Thursday, June 19, 2014

Theremin Thursdays - two Mashups, one musical, one wargaming

It has been a while since a Theremin Thursdays entry has been made here at Gaming with Chuck.  This entry is being made because of two different things coming together that I want to write about.  The first is a cool (actual Theremin) mashup music piece I came across, and the second is a gaming item that is as much a mashup as the first.

Mashup Number One - Musical
So the first (musical) mashup is this . . . a room full of lovely musicians, playing Beethoven's Ode to Joy, using Theremins inside Matryoshka Dolls.  It's just so wonderful . . . sort of like Astronaut Bowman looking into the Stargate and seeing all those stars. . .

So, evidently that group is a Matryomin (Matryoshka Theremin) ensemble.  I can't think of two things that are possible cooler to mashup than Matryoshka's and Theremins.  Except . . .

Mashup Number Two - Wargaming
The second mashup here is one of wargaming.  A friend of mine (Geo) and I had been talking about a couple of different 15mm wargaming projects.  These have come together in an unlikely way.

The first one was fictional forces in a modern African setting, with countries, coups, warlords, and international forces bashing over temporary objectives and unlikely ideological clashes - in short, the game "AK47 Republic" by Peter Pig.  We started assembling miniatures, coming up with backgrounds for our forces, and in general securing the ideas for a gaming setting and some battles to fight. 

The second one is wargaming with 15mm science fiction forces in the Traveller universe.  I had recently been running a table top Traveller RPG game (although only a few sessions before my schedule kicked into high gear), with details over at The Collace Rift.  Still in a Traveller mood, we started talking about wargaming - and began assembling forces, painting miniatures, talking about former battles, etc.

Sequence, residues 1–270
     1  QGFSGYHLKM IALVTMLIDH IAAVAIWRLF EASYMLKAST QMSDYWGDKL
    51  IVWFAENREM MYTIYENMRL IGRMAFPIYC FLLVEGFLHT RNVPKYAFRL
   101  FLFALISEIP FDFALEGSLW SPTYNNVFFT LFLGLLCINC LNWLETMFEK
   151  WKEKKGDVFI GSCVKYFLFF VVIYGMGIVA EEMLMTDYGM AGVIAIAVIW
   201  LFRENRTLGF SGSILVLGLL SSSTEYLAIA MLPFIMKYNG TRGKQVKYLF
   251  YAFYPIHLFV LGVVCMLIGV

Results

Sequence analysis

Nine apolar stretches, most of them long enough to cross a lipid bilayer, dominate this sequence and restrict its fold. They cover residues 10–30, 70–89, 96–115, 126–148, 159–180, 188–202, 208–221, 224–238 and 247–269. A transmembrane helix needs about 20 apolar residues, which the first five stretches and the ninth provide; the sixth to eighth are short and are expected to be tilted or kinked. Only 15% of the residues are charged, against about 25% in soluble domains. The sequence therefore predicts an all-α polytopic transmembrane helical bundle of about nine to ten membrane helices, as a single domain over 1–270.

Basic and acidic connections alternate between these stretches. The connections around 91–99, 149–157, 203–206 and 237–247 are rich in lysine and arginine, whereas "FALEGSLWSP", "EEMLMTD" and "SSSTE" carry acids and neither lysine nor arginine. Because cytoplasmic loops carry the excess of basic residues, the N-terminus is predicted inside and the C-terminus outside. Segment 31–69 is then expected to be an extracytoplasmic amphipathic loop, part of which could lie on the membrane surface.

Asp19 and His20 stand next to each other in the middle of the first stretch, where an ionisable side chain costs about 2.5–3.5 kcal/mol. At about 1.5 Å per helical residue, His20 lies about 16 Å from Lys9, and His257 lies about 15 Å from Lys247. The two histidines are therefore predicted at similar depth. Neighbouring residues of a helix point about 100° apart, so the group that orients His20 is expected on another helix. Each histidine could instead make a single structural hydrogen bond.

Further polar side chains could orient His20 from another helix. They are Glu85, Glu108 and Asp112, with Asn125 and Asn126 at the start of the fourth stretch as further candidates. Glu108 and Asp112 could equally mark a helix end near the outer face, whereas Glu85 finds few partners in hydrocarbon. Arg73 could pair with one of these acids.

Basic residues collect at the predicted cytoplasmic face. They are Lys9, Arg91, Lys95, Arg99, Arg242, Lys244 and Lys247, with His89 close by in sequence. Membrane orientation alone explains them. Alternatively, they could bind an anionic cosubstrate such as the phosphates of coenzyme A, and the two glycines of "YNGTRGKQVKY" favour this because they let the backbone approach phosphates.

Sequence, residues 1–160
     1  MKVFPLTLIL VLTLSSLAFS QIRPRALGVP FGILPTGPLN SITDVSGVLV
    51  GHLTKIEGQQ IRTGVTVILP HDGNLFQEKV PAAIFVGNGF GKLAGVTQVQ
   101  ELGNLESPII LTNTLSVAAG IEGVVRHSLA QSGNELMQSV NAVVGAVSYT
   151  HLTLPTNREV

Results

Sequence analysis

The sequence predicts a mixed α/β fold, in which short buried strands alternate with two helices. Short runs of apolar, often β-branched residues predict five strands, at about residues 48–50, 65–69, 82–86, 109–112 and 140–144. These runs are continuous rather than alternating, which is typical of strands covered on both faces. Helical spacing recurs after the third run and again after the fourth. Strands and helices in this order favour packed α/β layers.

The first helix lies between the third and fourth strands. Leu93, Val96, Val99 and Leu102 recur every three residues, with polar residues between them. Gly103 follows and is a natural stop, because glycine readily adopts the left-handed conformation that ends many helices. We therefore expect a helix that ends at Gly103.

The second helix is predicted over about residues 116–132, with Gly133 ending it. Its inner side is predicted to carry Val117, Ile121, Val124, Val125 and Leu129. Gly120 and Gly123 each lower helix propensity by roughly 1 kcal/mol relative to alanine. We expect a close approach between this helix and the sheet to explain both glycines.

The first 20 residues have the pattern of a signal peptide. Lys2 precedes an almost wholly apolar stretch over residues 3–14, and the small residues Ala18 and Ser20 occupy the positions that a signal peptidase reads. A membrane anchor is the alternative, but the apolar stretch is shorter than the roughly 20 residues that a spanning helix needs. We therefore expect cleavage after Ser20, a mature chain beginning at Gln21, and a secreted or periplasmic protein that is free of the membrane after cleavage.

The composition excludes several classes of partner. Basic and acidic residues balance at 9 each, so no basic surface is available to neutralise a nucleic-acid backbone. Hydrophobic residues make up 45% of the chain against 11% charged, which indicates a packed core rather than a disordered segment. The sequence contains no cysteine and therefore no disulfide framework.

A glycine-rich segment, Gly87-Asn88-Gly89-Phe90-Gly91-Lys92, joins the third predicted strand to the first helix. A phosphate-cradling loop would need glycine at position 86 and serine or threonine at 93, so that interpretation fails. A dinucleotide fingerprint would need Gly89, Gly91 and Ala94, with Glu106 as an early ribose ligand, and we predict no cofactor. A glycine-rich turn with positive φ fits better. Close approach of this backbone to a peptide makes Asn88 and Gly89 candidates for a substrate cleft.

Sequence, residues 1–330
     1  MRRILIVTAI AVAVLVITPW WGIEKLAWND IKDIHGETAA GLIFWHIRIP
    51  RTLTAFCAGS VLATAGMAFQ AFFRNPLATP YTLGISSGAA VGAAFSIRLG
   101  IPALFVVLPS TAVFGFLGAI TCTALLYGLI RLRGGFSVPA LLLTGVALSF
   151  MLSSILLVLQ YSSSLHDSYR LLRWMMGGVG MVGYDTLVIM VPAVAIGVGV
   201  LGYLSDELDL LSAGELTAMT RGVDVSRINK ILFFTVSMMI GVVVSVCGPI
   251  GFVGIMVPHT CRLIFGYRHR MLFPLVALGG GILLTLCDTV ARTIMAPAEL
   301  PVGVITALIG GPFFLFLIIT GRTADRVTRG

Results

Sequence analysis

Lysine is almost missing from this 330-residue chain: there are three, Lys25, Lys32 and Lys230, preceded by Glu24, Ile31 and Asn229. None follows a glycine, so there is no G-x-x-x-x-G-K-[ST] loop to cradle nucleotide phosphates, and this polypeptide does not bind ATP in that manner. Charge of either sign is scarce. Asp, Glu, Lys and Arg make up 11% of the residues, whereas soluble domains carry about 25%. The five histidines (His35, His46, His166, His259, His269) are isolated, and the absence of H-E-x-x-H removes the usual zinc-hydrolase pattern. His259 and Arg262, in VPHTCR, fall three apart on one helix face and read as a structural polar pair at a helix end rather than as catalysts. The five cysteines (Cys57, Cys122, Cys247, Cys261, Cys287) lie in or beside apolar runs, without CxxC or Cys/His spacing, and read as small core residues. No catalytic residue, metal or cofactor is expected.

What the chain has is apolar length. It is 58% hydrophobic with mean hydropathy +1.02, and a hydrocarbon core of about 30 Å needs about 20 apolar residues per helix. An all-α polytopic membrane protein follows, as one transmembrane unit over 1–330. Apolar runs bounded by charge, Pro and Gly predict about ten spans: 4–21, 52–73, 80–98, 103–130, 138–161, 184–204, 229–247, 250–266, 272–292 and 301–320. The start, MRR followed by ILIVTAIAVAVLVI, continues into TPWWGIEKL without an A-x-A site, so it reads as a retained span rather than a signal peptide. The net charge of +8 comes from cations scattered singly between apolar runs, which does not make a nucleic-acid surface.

Then it happened - local conflicts on worlds within the Third Imperium (Traveller) resemble the brush wars described by AK47 Republic, but with the addition of some different levels of technology, and the attendant science fiction hardware.  But, what if we kept the battles MOSTLY to the tech levels of, say, 5,6,7,8 (corresponding to the military hardware of, respectively, WW1, WW2, 1960s, 1990s) - then we would be right on target for the wide variety of forces found in AK47 Republic.  But, if it was going to be in the Traveller Universe, then it needed a planet.

Enter, Margesi - a world on the edge of Imperial space, that was (until recently) contested, and controlled by the Sword World Confederation.  The world is balkanized, many a bunch of competing governments. After checking what the Traveller Wiki has to say, it appears that there are (conveniently enough) two super powers, the Kingdom of Evariidi and the People's Republic of Gome.  Having also posited that there would be any number of smaller nations, allied to one or more of those super powers, we have the third world setting of Earth, transposed to another world.  To make things even more interesting, we made the two super powers being aligned with the two interested Interstellar Governments - the Kingdom of Evariidi is the current ascendant power, and is backed by the Imperium (clandestinely), but the world's Starport (Margesi Down Station) is located within the Kingdom, and is operated by Imperial Starport Authority.  The other nation, the People's Republic of Gome (representing Brezhnev-era Soviet style rule), is backed (clandestinely) by the Sword World Confederation.

The world of Margesi, in the Vilis subsector of the Spinward Marches